"Anyway, I'll toddle off back to my desk -" Simon suited actions to his words "- and sharpen wits and pencil before our American friend arrives."
Tory frowned. "Has Alex come in yet?"
"Is the Pope a Muslim?" he answered flippantly, then shook his head as Tory picked up the phone. "I shouldn't bother if I were you."
But Tory felt some loyalty to Alex. He had given her her job at Eastwich.
She rang his mistress's flat, then every other number she could possibly think of, in the vain hope of finding Alex before Eastwich's new boss descended on them.
"Too late, ma petite," Simon announced with satisfaction as Colin Mathieson, the senior production executive, appeared at the glass door of their office. He gave a brief courtesy knock before entering. A stranger who had to be the American followed him.
He wasn't at all what Tory had expected. She'd been prepared for a sharp-suited, forty something year old with a sunbed tan and a roving eye.
That was why she stared. Well, that was what she told herself later. At the time she just stared.
Tall. Very tall. Six feet two or three. Almost casual in khaki trousers and an open-necked shirt. Dark hair, straight and slicked back, and a long angular face. Blue eyes, a quite startling hue. A mouth slanted with either humour or cynicism. In short, the best-looking man Tory had ever seen in her life.
Tory had never felt it before, an instant overwhelming attraction. She wasn't ready for it. She was transfixed. She was reduced to gaping stupidity.
The newcomer met her gaze and smiled as if he knew. No doubt it happened all the time. No doubt, being God's gift, he was used to it.
Colin Mathieson introduced her, "Tory Lloyd, Production Assistant," and she recovered sufficiently to raise a hand to the one stretched out to her. "Lucas Ryecart, the new chief executive of Eastwich."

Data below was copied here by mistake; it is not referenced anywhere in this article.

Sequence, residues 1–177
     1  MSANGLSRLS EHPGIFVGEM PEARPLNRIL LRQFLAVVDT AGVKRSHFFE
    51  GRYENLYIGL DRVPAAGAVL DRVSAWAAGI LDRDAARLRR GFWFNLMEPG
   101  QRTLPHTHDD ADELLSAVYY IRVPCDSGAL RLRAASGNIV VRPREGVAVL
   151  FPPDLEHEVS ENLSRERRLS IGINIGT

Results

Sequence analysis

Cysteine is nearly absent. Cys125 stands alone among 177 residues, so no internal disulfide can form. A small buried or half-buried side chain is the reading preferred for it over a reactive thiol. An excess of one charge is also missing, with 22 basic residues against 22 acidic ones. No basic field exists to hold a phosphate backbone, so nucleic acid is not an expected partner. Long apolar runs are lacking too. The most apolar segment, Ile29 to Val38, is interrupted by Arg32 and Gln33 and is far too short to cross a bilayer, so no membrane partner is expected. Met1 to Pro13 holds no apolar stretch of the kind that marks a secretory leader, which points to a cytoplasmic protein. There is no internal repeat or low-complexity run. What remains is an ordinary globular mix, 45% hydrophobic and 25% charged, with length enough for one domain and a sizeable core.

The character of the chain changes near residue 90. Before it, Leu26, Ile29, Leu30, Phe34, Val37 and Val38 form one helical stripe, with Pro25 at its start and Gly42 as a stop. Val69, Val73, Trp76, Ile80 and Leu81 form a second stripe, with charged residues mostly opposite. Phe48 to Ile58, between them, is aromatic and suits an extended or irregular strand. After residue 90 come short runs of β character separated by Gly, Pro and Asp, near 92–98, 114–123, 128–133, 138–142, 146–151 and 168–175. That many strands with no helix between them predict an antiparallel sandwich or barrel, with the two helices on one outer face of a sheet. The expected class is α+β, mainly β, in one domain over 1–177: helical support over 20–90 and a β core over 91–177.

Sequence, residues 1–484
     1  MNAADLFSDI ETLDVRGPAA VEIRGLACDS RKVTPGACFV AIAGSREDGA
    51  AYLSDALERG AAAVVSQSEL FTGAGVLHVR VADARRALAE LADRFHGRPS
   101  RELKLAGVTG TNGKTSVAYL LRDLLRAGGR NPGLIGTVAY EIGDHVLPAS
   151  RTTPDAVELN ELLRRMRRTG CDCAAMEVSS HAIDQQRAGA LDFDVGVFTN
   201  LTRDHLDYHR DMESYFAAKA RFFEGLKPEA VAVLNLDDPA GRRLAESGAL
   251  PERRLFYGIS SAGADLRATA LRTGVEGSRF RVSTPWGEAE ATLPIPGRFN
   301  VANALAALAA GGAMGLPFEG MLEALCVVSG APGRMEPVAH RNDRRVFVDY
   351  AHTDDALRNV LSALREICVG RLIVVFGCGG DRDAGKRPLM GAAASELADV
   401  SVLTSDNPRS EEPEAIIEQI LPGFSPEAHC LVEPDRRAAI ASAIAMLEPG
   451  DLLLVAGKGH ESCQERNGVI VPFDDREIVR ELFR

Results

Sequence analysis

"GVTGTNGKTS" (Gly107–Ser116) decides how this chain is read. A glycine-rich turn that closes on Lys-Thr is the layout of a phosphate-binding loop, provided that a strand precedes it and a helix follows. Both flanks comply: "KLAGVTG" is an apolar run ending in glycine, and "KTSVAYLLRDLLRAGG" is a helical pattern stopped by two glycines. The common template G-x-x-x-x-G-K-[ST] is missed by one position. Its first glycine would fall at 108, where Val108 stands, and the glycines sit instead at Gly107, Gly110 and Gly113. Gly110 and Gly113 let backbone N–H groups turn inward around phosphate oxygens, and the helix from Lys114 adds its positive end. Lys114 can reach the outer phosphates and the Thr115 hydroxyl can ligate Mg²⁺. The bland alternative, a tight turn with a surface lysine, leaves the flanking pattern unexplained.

Her hand disappeared in the warm dry clasp of his. He towered above her. She fought a feeling of insignificance. She couldn't think of a sane, sensible thing to say.
"Tory's worked for us for about a year," Colin continued.
"Shows great promise. Had quite an input to the documentary on single mothers you mentioned seeing."
Lucas Ryecart nodded and, finally dropping Tory's hand, commented succinctly, "Well-made programme, Miss Lloyd ... or is it Mrs?"
"Miss," Colin supplied at her silence.
The American smiled in acknowledgement. "Though perhaps a shade too controversial in intention."
It took Tory a moment to realise he was still talking about the documentary and another to understand the criticism, before she at last emerged from brainless-guppy mode to point out, "It's a controversial subject."
Lucas Ryecart looked surprised by the retaliation but not unduly put out. "True, and the slant was certainly a departure from the usual socialist dogma. Scarcely sympathetic."
"We had no bias." Tory remained on the defensive.
"Of course not," he appeared to placate her, then added,
"You just gave the mothers free speech and let them condemn themselves."
"We let them preview it," she claimed. "None of them complained."
"Too busy enjoying their five minutes' fame, I expect," he drawled back.
His tone was more dry than accusing, and he smiled again.
Tory didn't smile back. She was struggling with a mixture of temper and guilt, because, of course, he was right.
The single mothers in question had been all too ready to talk and it hadn't taken much editing to make them sound at best ignorant, at worst uncaring. Away from the camera and the lights, they had merely seemed lonely and vulnerable.
Tory had realised the interviews had been neither fair nor particularly representative and had suggested Alex tone them down. But Alex had been in no mood to listen. His wife had just left him, taking their two young children, and single mothers hadn't been flavour of the month.
Lucas Ryecart caught her brooding expression and ran on, "Never mind ... Tory, is it?"
Tory nodded silently, wishing he'd stuck to Miss Lloyd. Or did he feel he had to be on first-name terms with someone before he put the boot in?
Excerpted from The Boss's Secret Mistress by Alison Fraser Copyright © 2004 by Harlequin Enterprises, Ltd.. Excerpted by permission.